You’ve been told you have arthritis. But what is it? Most people think it's an "old person's disease", but that’s not true, as you're now finding out
There are over 200 different types of musculoskeletal condition. “Arthritis” (from the Greek ‘arthro’, meaning joint, and ‘itis’, meaning inflammation) describes a family of conditions that includes different types and symptoms. This goes some way to explaining why doctors can take some time to provide a definite diagnosis – they want to be as sure as they can about which of the many variations of arthritis you may be experiencing, as this will help determine the best treatment and benefit you in the long-run.
Who gets arthritis?
The latest figures from the British Society of Rheumatology say that there are up to 16 million people affected in the UK alone, of all ages and ethnicities. So, this is certainly not just an “old person’s disease”.
What causes arthritis?
The cause of arthritis remains unknown at present, but scientists are getting closer to an answer all the time. As a result of the increasing depth of knowledge, arthritis treatment has significantly advanced. We also now know that the earlier treatment is started, the better the outcome. Good control of the inflammation, by taking medication as prescribed, helps prevent harm to your joints, and means that a positive, active and productive life is possible.
Find out more about different types of arthritis here:
This family of conditions begins before age 16.
The most common in under-16s. One or two joints are affected, most commonly knees. For some it may extend to an additional joint. It is also possible that inflammation of the eyes may occur. It is the most likely to resolve as you become an adult.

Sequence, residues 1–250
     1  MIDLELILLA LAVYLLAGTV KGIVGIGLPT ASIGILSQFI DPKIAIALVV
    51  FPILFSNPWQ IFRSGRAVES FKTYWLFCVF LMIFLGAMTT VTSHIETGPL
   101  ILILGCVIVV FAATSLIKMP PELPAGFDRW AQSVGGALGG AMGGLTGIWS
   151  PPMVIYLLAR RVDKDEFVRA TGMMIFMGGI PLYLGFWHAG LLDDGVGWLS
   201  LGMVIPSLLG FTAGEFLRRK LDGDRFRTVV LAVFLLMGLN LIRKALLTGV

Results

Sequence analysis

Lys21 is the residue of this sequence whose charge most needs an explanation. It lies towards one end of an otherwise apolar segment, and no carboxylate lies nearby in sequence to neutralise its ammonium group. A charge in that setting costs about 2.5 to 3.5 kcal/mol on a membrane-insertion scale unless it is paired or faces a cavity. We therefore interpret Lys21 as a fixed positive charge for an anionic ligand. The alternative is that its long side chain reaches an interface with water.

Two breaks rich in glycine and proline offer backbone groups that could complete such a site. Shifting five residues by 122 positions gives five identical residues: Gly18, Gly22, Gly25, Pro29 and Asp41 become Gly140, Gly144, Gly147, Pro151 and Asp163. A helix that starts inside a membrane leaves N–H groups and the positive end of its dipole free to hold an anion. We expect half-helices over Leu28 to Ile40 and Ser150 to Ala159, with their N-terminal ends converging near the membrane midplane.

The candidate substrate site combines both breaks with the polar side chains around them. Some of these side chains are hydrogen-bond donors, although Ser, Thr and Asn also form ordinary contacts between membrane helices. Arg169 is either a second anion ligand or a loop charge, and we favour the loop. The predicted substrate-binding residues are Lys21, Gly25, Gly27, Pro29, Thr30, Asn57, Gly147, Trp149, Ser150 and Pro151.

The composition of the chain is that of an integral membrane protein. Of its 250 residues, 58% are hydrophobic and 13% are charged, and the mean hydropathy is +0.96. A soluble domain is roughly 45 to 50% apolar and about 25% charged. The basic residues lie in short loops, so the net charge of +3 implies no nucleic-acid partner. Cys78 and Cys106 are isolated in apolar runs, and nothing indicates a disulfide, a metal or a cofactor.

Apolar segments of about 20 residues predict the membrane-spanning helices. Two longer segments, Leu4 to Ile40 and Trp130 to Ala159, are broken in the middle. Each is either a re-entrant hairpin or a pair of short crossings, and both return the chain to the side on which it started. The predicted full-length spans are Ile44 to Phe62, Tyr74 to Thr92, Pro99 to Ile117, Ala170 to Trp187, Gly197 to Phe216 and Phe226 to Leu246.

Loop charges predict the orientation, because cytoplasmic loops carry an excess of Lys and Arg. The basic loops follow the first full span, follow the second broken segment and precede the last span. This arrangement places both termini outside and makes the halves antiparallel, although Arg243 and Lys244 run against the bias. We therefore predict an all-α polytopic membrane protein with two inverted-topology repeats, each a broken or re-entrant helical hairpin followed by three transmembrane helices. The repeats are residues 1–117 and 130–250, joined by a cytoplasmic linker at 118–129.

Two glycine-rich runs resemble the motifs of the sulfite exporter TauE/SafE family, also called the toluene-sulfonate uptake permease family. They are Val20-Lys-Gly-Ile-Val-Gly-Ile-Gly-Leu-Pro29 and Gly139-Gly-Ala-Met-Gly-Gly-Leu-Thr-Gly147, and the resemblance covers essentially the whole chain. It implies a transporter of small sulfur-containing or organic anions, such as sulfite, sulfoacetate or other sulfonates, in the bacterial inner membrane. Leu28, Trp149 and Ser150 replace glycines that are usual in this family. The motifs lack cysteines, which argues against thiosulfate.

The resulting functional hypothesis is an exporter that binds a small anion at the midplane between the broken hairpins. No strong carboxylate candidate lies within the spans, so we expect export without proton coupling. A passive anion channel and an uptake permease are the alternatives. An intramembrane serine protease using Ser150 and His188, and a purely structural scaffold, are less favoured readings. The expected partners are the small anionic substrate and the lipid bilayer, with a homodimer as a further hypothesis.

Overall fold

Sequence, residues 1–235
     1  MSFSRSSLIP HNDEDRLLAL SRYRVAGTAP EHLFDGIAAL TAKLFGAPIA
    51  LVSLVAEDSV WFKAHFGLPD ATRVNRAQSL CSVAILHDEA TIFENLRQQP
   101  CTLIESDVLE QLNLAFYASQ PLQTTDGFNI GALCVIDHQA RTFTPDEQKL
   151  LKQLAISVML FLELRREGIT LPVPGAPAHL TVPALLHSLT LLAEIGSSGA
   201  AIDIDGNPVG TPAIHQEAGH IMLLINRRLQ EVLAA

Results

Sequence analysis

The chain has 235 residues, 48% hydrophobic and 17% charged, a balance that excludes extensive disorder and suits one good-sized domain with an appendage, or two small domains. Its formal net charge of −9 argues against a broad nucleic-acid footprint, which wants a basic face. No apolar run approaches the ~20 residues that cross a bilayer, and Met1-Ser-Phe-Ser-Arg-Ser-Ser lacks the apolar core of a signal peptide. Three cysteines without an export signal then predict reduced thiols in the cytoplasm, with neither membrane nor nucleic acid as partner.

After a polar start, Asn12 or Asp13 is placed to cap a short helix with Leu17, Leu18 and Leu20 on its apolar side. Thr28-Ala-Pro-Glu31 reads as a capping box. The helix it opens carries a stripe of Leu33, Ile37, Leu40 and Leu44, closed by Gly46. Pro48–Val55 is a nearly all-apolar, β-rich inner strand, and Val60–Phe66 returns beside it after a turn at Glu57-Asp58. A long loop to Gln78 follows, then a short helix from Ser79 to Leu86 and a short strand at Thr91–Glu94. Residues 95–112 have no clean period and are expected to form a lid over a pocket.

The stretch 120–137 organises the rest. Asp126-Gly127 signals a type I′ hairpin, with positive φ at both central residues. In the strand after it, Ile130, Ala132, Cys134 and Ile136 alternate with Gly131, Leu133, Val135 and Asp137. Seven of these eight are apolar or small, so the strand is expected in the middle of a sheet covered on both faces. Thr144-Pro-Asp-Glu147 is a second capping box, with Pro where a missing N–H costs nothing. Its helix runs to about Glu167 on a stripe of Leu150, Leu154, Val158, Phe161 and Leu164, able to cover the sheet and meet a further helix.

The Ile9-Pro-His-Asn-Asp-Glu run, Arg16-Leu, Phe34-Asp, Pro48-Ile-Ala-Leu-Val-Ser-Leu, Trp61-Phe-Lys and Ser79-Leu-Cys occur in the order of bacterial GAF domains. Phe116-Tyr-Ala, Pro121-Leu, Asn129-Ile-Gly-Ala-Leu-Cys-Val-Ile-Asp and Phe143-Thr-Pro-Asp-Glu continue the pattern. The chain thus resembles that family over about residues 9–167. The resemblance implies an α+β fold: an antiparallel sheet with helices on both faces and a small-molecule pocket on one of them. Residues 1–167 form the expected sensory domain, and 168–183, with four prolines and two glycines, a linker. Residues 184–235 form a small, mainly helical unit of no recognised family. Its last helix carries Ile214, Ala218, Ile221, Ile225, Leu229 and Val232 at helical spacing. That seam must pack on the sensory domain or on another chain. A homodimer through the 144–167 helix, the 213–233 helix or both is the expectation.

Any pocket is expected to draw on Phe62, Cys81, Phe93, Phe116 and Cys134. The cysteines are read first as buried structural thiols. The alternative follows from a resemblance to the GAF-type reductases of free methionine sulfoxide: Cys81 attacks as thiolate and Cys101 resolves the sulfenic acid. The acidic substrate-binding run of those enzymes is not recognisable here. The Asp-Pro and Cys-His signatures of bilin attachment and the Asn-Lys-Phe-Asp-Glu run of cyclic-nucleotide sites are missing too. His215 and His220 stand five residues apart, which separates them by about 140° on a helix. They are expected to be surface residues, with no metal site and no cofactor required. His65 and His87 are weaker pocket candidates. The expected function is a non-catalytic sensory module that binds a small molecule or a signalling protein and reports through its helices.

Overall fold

For most people this affects five or more joints.
This affects the tendons that attach the muscles to the bones.
Joint symptoms combined with illness – fever, rash and fatigue.
Statistics say that at present this is the second most common type of arthritis in the UK. Rheumatoid is an inflammatory type of arthritis affecting the lining of the joints which, if left untreated, may lead to damage to the joint itself.
It can affect any joint, and any number of joints. Some people may only ever experience it in one joint. For others it might move from one joint to another, while others again will experience symptoms in multiple joints at the same time.
What is Rheumatoid Arthritis? (NHS Choices 2008)
What is Rheumatoid Arthritis? (Arthritis Research UK 2010)
Psoriatic arthritis causes inflammation in and around the joints. It usually affects people who already have psoriasis, a skin condition that causes a red, scaly rash, especially on the elbows, knees, back, buttocks and scalp. However, some people develop the arthritic symptoms before the psoriasis, while others will never develop the skin condition.
Psoriasis can affect people of any age, both male and female, but psoriatic arthritis tends to affect more adults than young people. People with psoriasis may also have other types of arthritis, such as osteoarthritis or rheumatoid arthritis, but these aren’t linked to the psoriasis.
With ankylosing spondylitis (AS) you may have symptoms that affect the joints and possibly ligaments in your spine. For some, if the inflammation is ongoing this may lead to harm in the joints. Some bones in the spine, referred to as vertebrae, may join together, reducing flexibility.
However AS varies widely from person to person – you may have very mild symptoms which don’t affect you very much at all.